Cuts in defence spending have had a negative impact on BAE Systems, which has reported a drop in sales of 14 per cent to £19.2bn.
The defence company, Britain’s largest engineering employer, has increased its dividend payment by 7.4 per cent but warned of modest sales growth in the next financial year.
Ian King, chief executive officer, said the impacts of defence cuts in Britain and the US had been expected across the company but that it had positioned itself to mitigate against these through aggressive cost reductions, good programme execution and its presence in a number of territories.
In the UK, King said 2010’s Strategic Defence and Security Review led to a £500m reduction in the group’s annual sales but workforce reductions, (including contractors), facility rationalisation and contract settlement agreements had helped to offset this.
The winding down of US military operations in Iraq, coupled with delays to the US defence budget have also made a negative impact.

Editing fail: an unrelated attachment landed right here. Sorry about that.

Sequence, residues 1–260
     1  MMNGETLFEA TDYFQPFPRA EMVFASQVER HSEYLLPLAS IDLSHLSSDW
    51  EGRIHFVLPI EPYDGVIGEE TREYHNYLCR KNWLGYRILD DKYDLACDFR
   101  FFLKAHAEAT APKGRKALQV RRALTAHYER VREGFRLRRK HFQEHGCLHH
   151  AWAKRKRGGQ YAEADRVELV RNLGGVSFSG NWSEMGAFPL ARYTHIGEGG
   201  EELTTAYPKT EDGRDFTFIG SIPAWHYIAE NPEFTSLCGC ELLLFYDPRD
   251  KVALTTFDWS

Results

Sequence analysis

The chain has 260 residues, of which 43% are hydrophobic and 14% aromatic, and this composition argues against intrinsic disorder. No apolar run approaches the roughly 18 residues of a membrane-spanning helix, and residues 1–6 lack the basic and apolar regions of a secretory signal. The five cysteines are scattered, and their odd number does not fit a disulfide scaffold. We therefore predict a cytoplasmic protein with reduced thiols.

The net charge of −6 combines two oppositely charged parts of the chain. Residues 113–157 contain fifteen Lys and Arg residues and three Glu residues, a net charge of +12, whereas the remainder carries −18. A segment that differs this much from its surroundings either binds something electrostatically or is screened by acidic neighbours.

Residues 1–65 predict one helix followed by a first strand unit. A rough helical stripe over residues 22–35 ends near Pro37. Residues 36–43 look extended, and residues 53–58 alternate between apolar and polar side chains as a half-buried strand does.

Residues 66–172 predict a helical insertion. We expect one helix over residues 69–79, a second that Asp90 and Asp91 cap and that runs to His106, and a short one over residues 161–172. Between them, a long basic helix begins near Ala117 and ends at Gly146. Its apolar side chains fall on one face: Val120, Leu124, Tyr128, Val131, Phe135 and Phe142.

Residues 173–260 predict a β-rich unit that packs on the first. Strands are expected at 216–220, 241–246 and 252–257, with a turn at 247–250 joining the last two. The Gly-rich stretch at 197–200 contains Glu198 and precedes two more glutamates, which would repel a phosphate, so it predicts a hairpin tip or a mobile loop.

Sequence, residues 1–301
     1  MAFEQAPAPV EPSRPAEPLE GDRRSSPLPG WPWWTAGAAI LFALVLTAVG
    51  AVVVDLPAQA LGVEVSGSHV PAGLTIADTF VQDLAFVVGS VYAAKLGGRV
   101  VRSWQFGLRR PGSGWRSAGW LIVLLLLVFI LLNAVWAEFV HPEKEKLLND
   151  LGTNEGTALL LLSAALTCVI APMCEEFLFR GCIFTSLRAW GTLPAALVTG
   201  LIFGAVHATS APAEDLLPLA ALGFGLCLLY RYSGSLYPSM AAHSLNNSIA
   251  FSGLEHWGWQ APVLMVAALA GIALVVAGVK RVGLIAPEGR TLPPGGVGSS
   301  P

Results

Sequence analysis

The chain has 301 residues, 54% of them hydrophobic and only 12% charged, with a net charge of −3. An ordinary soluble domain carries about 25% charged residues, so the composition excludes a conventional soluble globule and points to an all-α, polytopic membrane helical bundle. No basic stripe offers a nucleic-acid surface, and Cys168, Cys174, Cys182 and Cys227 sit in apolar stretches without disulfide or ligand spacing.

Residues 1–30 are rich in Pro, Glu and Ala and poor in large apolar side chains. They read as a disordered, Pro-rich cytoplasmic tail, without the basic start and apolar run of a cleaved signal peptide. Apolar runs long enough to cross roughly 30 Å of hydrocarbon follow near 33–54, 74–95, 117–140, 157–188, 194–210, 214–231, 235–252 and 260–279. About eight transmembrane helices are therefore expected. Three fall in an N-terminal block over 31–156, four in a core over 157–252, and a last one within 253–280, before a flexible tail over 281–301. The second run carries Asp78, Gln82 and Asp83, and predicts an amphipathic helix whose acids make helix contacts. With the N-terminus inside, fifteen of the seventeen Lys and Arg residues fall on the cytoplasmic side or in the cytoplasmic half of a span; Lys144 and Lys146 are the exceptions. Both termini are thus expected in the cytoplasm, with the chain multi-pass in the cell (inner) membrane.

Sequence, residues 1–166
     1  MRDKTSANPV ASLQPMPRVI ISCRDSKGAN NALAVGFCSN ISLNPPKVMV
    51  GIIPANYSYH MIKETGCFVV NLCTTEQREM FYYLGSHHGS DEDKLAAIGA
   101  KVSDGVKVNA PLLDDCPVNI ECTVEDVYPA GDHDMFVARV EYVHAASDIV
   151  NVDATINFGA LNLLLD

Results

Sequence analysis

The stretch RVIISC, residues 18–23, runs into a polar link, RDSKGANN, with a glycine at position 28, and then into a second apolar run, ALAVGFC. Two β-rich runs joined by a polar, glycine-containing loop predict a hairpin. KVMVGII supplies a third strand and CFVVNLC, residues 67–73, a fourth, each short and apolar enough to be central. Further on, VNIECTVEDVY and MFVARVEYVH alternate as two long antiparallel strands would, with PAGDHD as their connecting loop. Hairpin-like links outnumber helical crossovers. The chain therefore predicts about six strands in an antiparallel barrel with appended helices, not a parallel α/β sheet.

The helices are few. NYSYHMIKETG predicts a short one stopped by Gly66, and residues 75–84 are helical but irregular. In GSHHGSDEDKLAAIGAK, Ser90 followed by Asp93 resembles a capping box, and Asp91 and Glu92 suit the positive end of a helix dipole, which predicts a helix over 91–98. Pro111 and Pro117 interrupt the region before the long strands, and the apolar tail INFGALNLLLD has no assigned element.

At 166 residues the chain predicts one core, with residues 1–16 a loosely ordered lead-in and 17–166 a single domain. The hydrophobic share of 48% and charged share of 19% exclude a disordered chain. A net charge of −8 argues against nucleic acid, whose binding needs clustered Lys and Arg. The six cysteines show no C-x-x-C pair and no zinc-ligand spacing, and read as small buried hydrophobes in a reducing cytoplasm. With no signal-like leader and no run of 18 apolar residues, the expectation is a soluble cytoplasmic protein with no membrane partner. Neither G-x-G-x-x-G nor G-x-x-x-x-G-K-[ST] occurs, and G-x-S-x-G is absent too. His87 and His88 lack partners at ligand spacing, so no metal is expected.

Underlying profit before tax stood at £1.8bn compared to £1.98bn in 2010.
Measures to boost future profitability include growing BAE Systems’ international business, developing cyber, intelligence and security, and electronics systems businesses in both civil and defence, and delivering savings across its products and services.
So far, the company’s strategy to grow its presence in the cyber and intelligence markets has resulted in around seven per cent of its business now being generated in this area.
Overseas, the company is engaged in a land systems joint venture with Mahindra & Mahindra to pursue armoured vehicle and artillery opportunities, while in Saudi Arabia the Salam programme to supply the Saudi Air Force with 72 Typhoon aircraft is undergoing modifications.
The company also remains upbeat about its position as second-based bidder to supply India’s next medium multi-role combat aircraft.
So far, Dassault Aviation’s Rafale jet has been chosen as lowest-cost bidder to supply around 126 jets to India.
BAE Systems says it will continue working with Cassidian so that it remains in a position to re-negotiate the deal should contract negotiations break down with Dassault.